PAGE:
What is that Analyst skill set everyone is talking about exactly?

Analyst 1 in IB - Ind

TLDR: I'm a 1st year Analyst at BB in London, unhappy with current situation. Life is tough, but we all know that and am trying to cope.

Realising recently that I respond better to intrinsic than extrinsic motivation factors, one of them being learning, "figuring things out" and the desire to acquire a tangible skill set that will allow me to add value not only in banking but also broader finance and business/society in general (and with that achieve financial security and independence at a modest standard of living).

Feeling like I don't make any real progress in that sense, so was wondering whether I am too entitled / need to change my perspective / banking is not for me / that's just how things are and if there is a better or smarter way to approach this?**

Also wondering what really constitutes the Analyst skill set, what makes it valuable (why is it so desired?), what are the specific skills you learn and how you maximise learning.**

**Full post: **

Hi Monkeys,

I am currently a 1st year at a BB in London and, like many others from my intake, reached a point in recent weeks where I am doubting whether my decision was the right one.

Obviously the hours are grueling, the lifestyle is tough and no time for anything remotely private is a given. I knew that before I started (although I underestimated the impact it would have on my physical and mental well-being - but this will be for another discussion). Somehow I believe there can be a way to rationalise all that. However, what is really getting to me recently is that I get the feeling I am not building a tangible skill set that will help me to add value in one way or another in the future, may it be in banking, finance in general or some other area of business or society.

I knew from the beginning and to some extent realised even more over the past months that extrinsic motivation only gets me so far. I have a high preference for a clean and modern living space, although I don't need a lot of space. I like "nice things", although I tend to buy a special item in a certain category only after doing extensive research over longer periods of time (and spend rather more than less on it) to then keep it for years on end. I try to have the least number of "things" as possible, as I believe each material possession comes with a certain mental toll (starting to sound a bit hippie here). I like nice experiences and enjoy spending money on fancy dinners and the likes, although I prefer to have these experiences only every once in a while to keep them "special". When I think of bonus season, I don't feel any particular emotion at all, other than the happiness that comes with seeing my savings go up (and the security and freedom that comes with that) and maybe spending a couple of hundred on something nice for myself.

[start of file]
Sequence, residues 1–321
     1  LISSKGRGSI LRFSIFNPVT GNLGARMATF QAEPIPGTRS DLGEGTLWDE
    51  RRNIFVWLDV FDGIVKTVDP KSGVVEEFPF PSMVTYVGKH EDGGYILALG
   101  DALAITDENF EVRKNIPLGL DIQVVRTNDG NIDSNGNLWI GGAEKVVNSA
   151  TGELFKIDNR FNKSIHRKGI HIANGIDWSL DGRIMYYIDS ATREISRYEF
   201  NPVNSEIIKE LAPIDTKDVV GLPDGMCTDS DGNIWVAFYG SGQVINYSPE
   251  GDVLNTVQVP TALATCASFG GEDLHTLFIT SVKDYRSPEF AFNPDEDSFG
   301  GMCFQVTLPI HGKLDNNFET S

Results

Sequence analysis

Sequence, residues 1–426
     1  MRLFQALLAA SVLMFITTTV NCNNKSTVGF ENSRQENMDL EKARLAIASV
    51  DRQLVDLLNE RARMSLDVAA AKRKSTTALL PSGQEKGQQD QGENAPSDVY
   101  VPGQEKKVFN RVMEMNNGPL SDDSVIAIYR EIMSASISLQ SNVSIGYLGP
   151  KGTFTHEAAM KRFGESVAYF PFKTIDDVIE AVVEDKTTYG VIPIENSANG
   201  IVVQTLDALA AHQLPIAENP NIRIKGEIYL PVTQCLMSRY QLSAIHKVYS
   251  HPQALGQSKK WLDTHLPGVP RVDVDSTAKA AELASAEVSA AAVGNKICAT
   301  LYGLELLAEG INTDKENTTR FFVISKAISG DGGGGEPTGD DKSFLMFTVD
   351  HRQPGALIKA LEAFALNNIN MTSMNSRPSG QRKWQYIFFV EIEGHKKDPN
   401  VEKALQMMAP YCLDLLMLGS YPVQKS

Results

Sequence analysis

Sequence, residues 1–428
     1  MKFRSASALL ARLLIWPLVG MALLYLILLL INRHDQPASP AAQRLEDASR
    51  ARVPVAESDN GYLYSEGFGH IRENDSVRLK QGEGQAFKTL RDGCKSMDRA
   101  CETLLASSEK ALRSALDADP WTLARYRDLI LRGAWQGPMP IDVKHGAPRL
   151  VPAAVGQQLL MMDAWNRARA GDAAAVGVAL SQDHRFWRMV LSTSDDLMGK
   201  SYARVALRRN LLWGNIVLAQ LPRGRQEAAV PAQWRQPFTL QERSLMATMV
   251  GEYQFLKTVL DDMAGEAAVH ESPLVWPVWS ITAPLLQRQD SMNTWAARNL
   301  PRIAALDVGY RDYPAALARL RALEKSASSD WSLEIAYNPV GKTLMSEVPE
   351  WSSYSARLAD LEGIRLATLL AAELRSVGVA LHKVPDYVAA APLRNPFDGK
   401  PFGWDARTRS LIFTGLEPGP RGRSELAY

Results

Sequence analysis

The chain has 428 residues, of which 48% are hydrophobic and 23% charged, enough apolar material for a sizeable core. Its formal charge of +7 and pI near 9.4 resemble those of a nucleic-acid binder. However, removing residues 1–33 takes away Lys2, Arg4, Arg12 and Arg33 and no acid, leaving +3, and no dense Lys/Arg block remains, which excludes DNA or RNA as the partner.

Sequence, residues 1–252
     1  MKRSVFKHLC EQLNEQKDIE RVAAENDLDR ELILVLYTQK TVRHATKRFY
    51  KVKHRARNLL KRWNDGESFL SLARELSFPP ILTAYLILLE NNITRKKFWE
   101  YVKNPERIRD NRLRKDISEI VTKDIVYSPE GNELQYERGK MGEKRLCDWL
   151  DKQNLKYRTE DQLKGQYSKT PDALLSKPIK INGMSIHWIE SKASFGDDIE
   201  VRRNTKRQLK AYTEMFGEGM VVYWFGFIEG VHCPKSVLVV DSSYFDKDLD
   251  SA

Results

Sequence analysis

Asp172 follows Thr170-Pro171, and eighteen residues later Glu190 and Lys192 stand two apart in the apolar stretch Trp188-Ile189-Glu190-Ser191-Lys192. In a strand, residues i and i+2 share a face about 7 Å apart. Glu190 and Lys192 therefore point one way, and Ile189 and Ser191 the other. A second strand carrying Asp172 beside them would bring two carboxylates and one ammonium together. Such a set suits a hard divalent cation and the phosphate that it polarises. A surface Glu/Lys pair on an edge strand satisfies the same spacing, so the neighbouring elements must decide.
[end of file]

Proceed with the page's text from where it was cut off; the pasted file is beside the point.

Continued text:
At the end of the day I could live happily on my current base for the next few years - although I would like to build more wealth (again financial security and personal freedom are very important to me) and maybe get a studio on my own.

In terms of other extrinsic motivation factors like prestige, social standing, etc., I realise that it is only a way for me to cope with my past emotional and mental baggage, lacking self-confidence (not nessecarily in interaction with the outside world, but rather in terms of perceived self-worth) and as way to feel superior to others ("I am worth something because I made it into this industry, whereas thousands of others did not"). I am becoming aware that these will never make me truly happy and the only way to achieve happiness will be intrinsically.

I am understanding that I am getting a lot of satisfaction from learning new skills, figuring out "puzzles" and seeing myself improve vs past versions of myself (I am still too often falling into the trap of comparing myself to others, but I am working on it). Recently, I am also thinking a lot about the concept of "adding value".

To a certain extend I knew all this before and I chose banking to gain valuable experience, build a tangible and diverse skill set and have exposure to high calibre individuals from whom I could learn. I knew that it would only be a temporary step ("maybe a few years"), while I figure out my "true calling" or the "next best thing" subject to my views in the future.

Now what is slowly killing me, is that I feel my progression in these terms is lacking significantly. Yes, I have gotten better at certain tasks, however, I do not feel like these are skills that are adding value outside of banking or will allow me to keep me financially well off (well enough) should I leave or be made redunant say in a year or two. Furthermore, I am missing a feeling of intellectual stimulation.

I am wondering, what is this Analyst skill set that is so desired and that everyone is talking about really?

Financial expertise? I feel my technical knowledge has actually gotten worse since finishing my degree, since almost all modelling is backup or template driven (DCF/LBO? Build op. model plug it into template and shoot it off to LevFin to add structure, maybe add/tweak some sensitivities or additional cases later). Yes I can spread comps faster than ever and know more obscure FactSet formulas by now, but is that it? Every once in a while there is some non-off the shelf stuff that actually requires building novel models from scratch and actively thinking about things. I get great joy from figuring these things out and time just flies, but it happened about two times in the past six months. I feel I could learn more simply by reading, studying and practicing on my own.

Client interaction? What client interaction. The amount of times you get invited to a client meeting by a senior and actually have time to make it is rare (again about two times in the past six months, one of them with about 5 hours of sleep total in the two days prior, so not really in a state where you can absorb a lot of information). Although attending is very interesting and extremely insightful, given the right circumstances.